The radially outermost portion of flange 44 is denoted as 66 and is see to be of lesser thickness than the remainder of the flange. Its upper surface is knurled by male knurlings denoted as 74 (see FIGS. 4a and 5).
The material of the spout is a critical factor. It has to be of a polymer dissimilar to the spout. Upon sonic sealing of the spout flange to the container blank 20 (to be described) the vibration induced heat generated would fuse the spout and cap together if they were of similar materials. The cap material used is polypropylene while the spout material is low density or linear low density polyethylene.
The spout material, LDPE or LLDPE, serves two important functions. First is the above non-fusing relationship to the cap. Secondly, and most important, is the compatibility of this material to the outer surface of the container which is LDPE. When sonic (vibration creating heat) power is applied to the top surface of the flange, the flange material and polymer coating 30 on the paperboard fuse, creating a permanent bond between the spout and carton surface. The flange sealing area from the view point of bonding/sealing rates is critical. If the flange were thinner, holes or stress points would be created. If it were thicker, or the seal surface area covered the entire flange area, a longer dwell time to seal the flange would be required. The 0.020" flange thickness permits the sealing of the fitment to the container at form fill seal rates of 90/min. The combined cap and spout are circular in shape. Thus, there is no concern about alignment or orientation. The top of the spout has a flat uninterrupted surface that acts as a pour lip and a platform to seal the tamper evident membrane. This surface is 0.035" wide which allows for an adequate sealing. On the interior of the spout wall are four vertical ribs. These ribs are used in the molding process to grasp the spout while unscrewing them from the mold and are conventional.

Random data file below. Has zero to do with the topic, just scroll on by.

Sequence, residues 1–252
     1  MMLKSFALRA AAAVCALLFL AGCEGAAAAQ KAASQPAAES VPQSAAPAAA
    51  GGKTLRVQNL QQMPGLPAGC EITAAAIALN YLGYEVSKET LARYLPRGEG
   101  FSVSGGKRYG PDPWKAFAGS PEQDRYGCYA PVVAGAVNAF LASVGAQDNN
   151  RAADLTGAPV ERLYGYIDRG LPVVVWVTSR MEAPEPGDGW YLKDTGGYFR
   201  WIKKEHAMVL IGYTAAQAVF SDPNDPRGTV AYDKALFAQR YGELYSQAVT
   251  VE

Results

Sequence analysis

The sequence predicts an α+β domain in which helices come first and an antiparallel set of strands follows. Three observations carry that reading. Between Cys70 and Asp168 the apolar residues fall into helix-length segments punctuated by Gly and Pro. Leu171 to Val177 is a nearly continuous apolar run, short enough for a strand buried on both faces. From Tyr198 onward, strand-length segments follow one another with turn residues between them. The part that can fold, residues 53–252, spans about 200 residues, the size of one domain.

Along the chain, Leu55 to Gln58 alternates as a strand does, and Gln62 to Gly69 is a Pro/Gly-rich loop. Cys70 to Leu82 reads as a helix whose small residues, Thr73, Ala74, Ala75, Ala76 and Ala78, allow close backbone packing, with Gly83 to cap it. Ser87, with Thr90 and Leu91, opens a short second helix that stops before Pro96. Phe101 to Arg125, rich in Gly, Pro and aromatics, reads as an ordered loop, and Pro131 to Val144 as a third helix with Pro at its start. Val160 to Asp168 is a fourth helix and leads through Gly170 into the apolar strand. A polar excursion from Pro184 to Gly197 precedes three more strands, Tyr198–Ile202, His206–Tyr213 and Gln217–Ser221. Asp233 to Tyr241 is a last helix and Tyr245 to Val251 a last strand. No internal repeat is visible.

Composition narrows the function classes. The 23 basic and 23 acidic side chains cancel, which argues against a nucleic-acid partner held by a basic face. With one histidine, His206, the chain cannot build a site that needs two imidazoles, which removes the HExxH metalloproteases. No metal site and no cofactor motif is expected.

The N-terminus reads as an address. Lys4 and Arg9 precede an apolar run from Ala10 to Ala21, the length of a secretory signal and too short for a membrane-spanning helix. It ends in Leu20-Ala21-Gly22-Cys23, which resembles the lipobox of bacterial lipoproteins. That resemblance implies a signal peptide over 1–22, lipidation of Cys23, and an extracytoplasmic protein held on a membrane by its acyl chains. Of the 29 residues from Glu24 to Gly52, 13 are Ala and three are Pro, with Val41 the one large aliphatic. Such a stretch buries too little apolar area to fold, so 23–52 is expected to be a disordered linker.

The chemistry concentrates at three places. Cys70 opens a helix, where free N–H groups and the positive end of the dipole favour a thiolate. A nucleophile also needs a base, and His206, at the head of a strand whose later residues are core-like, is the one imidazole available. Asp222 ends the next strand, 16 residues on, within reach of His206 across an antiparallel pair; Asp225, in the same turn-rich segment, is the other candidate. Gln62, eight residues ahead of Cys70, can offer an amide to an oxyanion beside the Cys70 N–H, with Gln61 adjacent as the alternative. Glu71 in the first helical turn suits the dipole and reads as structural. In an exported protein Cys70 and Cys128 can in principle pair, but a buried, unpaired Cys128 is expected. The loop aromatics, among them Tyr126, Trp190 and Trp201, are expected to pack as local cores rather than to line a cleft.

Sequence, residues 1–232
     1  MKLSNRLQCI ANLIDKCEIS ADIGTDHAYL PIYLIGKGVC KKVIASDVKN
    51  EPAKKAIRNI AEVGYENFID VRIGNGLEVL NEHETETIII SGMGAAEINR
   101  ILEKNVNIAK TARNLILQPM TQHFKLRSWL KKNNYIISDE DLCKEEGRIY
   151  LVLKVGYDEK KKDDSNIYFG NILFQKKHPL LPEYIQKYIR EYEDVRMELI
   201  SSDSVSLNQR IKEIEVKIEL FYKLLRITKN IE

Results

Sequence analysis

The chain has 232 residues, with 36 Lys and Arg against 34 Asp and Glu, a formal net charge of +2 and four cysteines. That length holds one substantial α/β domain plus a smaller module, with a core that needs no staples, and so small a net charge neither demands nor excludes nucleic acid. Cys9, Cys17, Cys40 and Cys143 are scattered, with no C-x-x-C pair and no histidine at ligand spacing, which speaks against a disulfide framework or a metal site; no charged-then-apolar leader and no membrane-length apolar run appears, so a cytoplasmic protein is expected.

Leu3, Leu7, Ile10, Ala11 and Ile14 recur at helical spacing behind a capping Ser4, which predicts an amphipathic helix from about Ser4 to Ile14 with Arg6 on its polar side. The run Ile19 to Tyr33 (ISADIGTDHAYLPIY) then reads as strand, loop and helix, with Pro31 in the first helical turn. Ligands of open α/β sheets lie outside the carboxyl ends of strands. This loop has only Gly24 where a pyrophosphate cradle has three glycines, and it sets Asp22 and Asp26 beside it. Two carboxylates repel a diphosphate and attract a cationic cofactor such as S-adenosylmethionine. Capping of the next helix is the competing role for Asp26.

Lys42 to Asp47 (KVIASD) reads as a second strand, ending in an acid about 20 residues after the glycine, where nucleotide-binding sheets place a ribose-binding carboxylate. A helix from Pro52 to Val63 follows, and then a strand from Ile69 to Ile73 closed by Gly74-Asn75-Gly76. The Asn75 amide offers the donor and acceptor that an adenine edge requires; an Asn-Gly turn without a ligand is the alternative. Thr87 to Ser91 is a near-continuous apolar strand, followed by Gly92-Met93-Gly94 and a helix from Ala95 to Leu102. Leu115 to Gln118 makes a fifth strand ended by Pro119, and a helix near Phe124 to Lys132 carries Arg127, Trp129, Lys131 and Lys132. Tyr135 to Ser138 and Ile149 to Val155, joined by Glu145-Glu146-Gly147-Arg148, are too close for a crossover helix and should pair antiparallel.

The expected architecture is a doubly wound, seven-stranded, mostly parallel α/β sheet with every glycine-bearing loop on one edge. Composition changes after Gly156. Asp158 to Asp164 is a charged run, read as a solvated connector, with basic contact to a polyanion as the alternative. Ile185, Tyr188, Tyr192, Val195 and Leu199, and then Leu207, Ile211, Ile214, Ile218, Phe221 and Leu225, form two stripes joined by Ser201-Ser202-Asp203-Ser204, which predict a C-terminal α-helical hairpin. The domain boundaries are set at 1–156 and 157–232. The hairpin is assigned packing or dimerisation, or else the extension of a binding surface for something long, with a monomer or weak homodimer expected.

FIG. 4 illustrates the method of bonding the pour spout to the carton shown at FIG. 3. An annular ultrasonic horn 60, the flange and cap pour fitment assembly, the paperboard blank 20 with both layers 30 and 32 and a backup mandrel 68, are all assembled as indicated. The ultrasonic horn 60 has a flat annular end surface 62, modified by this invention so as to include a female knurled outer, annular zone defined by female knurlings 70 of about 0.002 to 0.003 inches in depth. The knurled zone 72 of the horn rests on a radially outermost zone 66 of flange 44. Backup mandrel 68 has a flat upper surface. Application of sonic energy is transmitted by horn 60 to flange 44. The female knurlings and the downward force of the horn, together with the horn vibrations, give rise to male knurlings 74 on the radially outermost zone of the plastic flange, and also cause a lessing of flange thickness 66 at the zone of the knurlings. The movement or flow of plastic from the top surface of the flange into the female knurlings 70 helps resist lateral sliding movement of the flange relative to the horn face and the backup mandrel. As shown at FIG. 4a, an annular recess 73 is provided on the outer, lower edge of the horn. This inhibits plastic material from the flange from creeping radially outwardly and up the sides of the horn.
FIG. 5 illustrates the annular, outermost knurled zone of female knurlings 74 on flange 44. A corresponding view of the working face of horn 60 would be similar, but the knurlings would be female as indicated at FIG. 4a.
FIG. 6 illustrates a carton/pour spout construction when raw edge protection is required. The dispensing opening 24 is wider and layers 30 and 32 are sealed together by upstanding rim 76 on backup mandrel 68, rim 76 squeezing layers 30 and 32 together through flange 44 by the flat face portion of horn 60. This produces a continuous annular seal around the raw paperboard edge of opening 24. The layers 30 and 32 extend radially inwardly of opening 24, and define a different dispensing opening 26.